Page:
This is part II of a three-part series on the book “No Exit: North Korea, Nuclear Weapons, and International Security” by Jonathan Pollack.
At its core, this book is about the decision-making process within the elite circles of Pyongyang aimed at maximizing the state’s survival in a hostile world. The greatest strength of this book is that the sources used consist primarily of interviews and Cold War archives. Moreover, Pollack makes use of primary sources within North Korea like its official newspaper, the Rodong Sinmun, to provide a “first-person” narrative of North Korea’s nuclear pursuit from its origin to 2010.
“My analysis draws extensively on the DPRK’s official media. Without access to decision-making in Pyongyang, careful scrutiny of these materials is crucial to understanding the language, logic and rhythms of North Korean policy.” (Pollack, p. 8)
Another strength of this book was its sole focus on the North Korean nuclear issue. While some could consider this a weakness, it is actually its strength because the book does not claim to be a comprehensive overview on North Korea – rather, this book focuses on just one facet of North Korea and successfully does so in great detail and analysis. There are no unneeded tangents that distract the reader from the subject at hand. This is also the reason why I recommended in the previous section of this review that North Korean neophytes steer clear of this book until they gain some background knowledge on the other major issues regarding North Korea. (Topics like defectors, gulags, human rights, cult of personality, unification, daily life, climate, geography, etc. are all almost entirely absent from the book.)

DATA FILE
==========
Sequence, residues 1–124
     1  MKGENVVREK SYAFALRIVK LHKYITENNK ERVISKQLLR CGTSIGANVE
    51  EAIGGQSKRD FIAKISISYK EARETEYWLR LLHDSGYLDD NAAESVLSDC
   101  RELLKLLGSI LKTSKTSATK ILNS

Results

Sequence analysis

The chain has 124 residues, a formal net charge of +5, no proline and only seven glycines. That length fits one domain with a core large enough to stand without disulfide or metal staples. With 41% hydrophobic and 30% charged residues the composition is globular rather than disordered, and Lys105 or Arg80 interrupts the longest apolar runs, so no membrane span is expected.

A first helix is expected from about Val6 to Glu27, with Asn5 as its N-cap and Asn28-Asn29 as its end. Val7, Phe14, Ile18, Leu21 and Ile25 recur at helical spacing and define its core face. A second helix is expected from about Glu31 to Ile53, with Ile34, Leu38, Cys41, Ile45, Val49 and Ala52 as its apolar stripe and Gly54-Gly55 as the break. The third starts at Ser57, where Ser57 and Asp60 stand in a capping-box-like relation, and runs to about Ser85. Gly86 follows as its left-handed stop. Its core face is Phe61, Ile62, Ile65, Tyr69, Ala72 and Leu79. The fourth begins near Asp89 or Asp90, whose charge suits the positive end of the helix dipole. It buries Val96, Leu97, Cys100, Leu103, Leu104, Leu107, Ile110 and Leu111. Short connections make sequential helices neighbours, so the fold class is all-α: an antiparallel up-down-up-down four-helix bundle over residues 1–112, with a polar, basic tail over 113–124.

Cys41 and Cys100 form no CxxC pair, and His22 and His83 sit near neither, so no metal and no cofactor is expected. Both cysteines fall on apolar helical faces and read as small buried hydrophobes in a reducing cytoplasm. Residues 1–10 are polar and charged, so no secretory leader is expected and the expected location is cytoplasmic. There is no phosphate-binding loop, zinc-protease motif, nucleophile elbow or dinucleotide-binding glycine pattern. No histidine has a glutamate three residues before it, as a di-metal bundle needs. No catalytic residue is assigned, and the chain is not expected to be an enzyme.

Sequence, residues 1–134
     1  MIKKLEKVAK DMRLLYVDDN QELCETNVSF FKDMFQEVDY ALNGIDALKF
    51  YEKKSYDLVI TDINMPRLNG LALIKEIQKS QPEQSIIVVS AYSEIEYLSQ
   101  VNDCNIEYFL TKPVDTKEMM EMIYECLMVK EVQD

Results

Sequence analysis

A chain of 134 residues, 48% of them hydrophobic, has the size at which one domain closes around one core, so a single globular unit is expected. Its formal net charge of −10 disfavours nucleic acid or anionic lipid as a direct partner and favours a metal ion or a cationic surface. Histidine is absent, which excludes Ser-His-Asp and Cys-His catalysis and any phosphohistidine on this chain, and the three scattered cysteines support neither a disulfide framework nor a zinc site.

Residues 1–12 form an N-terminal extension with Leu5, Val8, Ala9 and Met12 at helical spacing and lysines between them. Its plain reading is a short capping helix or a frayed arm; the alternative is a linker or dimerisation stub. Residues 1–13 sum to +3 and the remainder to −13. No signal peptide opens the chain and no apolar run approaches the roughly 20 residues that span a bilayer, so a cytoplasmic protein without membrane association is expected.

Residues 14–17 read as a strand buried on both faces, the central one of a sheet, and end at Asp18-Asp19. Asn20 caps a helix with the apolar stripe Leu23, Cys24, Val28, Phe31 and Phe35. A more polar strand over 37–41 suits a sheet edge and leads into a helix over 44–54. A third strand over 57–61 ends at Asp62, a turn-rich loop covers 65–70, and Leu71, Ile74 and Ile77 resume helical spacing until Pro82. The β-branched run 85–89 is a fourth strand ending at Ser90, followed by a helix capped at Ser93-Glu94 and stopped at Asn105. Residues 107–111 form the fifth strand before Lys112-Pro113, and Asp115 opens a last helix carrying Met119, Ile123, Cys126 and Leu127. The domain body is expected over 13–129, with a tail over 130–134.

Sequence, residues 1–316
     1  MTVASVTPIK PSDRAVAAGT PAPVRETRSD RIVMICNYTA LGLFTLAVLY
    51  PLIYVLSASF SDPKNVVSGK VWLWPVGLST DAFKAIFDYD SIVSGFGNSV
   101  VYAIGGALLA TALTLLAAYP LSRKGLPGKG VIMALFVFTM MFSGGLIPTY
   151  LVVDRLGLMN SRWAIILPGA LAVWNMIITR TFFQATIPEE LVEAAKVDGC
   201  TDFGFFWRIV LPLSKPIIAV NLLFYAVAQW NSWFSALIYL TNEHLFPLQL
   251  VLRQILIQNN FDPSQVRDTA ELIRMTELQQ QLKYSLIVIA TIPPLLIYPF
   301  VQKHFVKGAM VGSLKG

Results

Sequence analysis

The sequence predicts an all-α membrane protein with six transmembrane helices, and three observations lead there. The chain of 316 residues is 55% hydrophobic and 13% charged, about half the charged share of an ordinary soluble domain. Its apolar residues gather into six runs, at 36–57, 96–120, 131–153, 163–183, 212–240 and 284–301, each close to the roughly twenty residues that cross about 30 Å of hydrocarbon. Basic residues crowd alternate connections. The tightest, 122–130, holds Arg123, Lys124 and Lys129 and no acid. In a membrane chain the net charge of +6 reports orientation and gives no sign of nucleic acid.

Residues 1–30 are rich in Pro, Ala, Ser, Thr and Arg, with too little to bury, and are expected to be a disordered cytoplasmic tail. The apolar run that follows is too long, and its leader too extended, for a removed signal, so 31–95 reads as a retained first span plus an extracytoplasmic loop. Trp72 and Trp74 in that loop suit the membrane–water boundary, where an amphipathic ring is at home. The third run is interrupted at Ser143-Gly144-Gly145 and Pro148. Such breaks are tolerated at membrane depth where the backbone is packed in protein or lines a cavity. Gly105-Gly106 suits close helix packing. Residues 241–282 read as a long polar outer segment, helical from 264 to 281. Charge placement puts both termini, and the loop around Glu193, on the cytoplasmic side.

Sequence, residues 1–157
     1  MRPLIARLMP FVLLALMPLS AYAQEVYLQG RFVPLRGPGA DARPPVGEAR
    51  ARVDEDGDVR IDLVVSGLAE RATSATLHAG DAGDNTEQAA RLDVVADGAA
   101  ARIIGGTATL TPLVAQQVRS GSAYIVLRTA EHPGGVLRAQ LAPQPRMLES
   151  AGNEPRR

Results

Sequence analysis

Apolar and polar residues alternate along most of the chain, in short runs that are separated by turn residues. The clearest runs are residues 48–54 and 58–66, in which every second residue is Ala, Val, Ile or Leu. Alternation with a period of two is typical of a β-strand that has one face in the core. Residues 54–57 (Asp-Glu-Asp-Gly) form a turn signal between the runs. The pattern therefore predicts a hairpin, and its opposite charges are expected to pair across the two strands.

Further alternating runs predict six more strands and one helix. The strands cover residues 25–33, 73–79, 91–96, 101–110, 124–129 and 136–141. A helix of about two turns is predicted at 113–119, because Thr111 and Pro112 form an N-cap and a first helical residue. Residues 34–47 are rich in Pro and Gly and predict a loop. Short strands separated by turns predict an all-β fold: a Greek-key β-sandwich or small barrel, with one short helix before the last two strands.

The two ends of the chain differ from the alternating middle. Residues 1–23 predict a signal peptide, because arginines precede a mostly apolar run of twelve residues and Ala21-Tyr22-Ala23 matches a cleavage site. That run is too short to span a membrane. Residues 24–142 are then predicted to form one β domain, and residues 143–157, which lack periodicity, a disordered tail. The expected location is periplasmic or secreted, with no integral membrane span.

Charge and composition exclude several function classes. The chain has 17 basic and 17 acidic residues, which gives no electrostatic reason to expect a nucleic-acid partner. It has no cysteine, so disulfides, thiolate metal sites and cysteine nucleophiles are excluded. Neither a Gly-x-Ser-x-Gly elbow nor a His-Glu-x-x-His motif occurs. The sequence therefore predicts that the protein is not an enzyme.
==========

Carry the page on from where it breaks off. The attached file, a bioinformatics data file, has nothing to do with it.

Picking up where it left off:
I also liked that the book was written chronologically with no major time jumps or lapses. The book was keenly organized and very straightforward (albeit dry at points). The chain of thoughts and actions that led to particular decisions were also coherent and simple to understand.
The book itself was printed in easy-to-read size and font and despite the hundreds of sources used to write the book, there were no cluttering footnotes or in-text citations (the notes were all neatly situated at the end of the book).
The biggest drawback of this book is that it is not up-to-date. Although printed less than two years ago, this book is already seriously outdated. (The reasons are listed in the following section of this review.)
Another weakness of this book is that, in the words of Pollack, “Those analyzing the North must do so from a distance. It remains largely sealed from the outside world, with observers at best having episodic and highly constrained access.” As a result, after providing a transcript of an interview or archive document, much of the analysis Pollack presents is the best any of us could do— an educated guess. Most of the analysis Pollack provides is prefaced with words like: “purportedly”, “allegedly”, “apparently”, “ostensibly”, “supposedly”, “seemingly”, “outwardly”, etc.
Also, I would have liked to see more pictures and graphs. Although this may seem elementary, there were one or two pictures/graphs in the book and I would have liked to see many more. As more of a visual learner, I find pictures/graphs to be tremendously helpful in being able to better understand the content.
Finally, Pollack’s book does not introduce any radical or new ideas on North Korea’s future prospects. He sums up his thoughts (that most experts already share) with the last two sentences of his book:
“When, whether and how major change occurs in North Korea remains to be seen. Until such time, the United States, its regional allies and partners, and the international community as a whole must seek to ensure that this embattled system does not do larger damage to peace and security in Northeast Asia and beyond.” (Pollack, p. 209)
Despite the lack of definitive conclusions/new ideas on how to rein in North Korea, a need for a new edition, and most of the analysis being based on conjectures and extrapolations, I highly recommended that this book be read by officials directly involved with North Korea along with scholars and students who are learning about North Korean affairs or Northeast Asian security studies. While this book may be informative to the layperson, there are more suitable articles and books that can get the basic message across without such painstaking detail.